Wednesday, 12 September 2012

Drumelzier Graveyard

As it was a good day weatherwise and it has been quite some time since we last went on a graveyard visit we decided to see if we could make our way to Drumelzier graveyard. I had been very close once before, by myself, but wimped out as you have to go through a private garden (or at least that's what it looks like) before reaching the church. But there must be public access as the graveyard as well as the church are still in use. It looks a lovely little building as you can see above (my blip for today).
There weren't all that many stones but I still found some very interesting skulls as well as a positively grinning winged soul as you can see above.

This impressive obelisk which according to Sheila A. Scott's book Peeblesshire Monumental Inscriptions - pre 1855, was once surrounded by railings (now gone) was erected by parishioners in honour of the Reverend John Taylor who died in 1865 at the age of 59, having been a minister for 21 years. His wife Eleanor Kay Hick is also buried there as well as his children Alice Margaret (not even 1 year old when she died), Jane (almost 11 years old at her demise), Edward Wilgress who died on 13.3.1859 at the age of 16 when he drowned off the Cape of Good Hope and Horatio Carwell, who died age 20. What tragedies are hidden behind these engravings! What happened to Edward Wilgress? Did he go down with a ship and if so, was he learning the seafaring trade or was he on a voyage? I guess we'll never know, but the Reverend and his wife must have suffered much, having outlived 4 children who all died as such young ages.

 This might have been the gate specially for the use of the minister or perhaps an important parishioner. As you can see once again the graveyard has one of the best views in the area.
Another winged soul, whose wings are rising up to heaven although sadly her face has almost completely disappeared now. Just the remnants of her hair can still be seen.
There are words too on the other side of this gravestone but alas, they can no longer be read and Sheila A. Scott's book offers no enlightenment regarding this stone. It gets no mention, despite the fact that I'm fairly certain it predates 1855 judging by the decorations seen above, featuring a winged soul, a skull and the crossbones. The rest of the stone has disappeared underground and this bit might well follow before too much longer.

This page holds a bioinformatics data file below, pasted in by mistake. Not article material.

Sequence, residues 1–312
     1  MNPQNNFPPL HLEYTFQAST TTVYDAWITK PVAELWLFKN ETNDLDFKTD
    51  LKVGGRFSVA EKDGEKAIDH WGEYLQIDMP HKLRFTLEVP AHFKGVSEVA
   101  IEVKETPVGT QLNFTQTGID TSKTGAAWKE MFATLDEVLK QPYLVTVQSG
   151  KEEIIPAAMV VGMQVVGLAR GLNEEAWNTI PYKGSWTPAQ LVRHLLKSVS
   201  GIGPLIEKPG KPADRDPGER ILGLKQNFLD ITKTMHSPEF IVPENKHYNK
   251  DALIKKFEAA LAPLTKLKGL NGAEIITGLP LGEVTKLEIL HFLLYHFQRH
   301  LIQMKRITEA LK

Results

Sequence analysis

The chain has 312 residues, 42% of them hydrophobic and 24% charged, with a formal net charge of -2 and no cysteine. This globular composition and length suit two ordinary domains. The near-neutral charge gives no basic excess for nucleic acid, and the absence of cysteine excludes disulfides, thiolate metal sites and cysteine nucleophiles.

P.S. I did Sheila an injustice here as the gravestone does get mentioned. Unfortunately her map let her down and it's not where she shows it to be. But after some intensive Googling I found the Site Record for Drumelzier graveyard here which shows this gravestone and gave me the name. Then Sheila provided the rest and I can tell you that it dates back to 1735 and belongs to William Scot of Mossfennan who died on the 20th November 1736 aged 49 and his wife Margaret Turnbull, who died the 4th September 1735 aged 36. Glad to have sorted that out!


Christine Moon said...

Love your post. In the cemeteries I've visited around here I seldom find the skulls and winged images on markers. It's a wonderful symbol and I suspect it's going to show up in a piece that I will be making soon. Many of the older graves had markers made of limestone, which is plentiful here in Indiana, and limestone carvings just don't survive as well as other stones.

Linda said...

I love walking thru these cemeteries with you Frieda. The stones and engravings do have stories and I thank you for researching and adding such interesting information!

Linda said...

Beautiful place to spend a day. enjoyed the stones and history.


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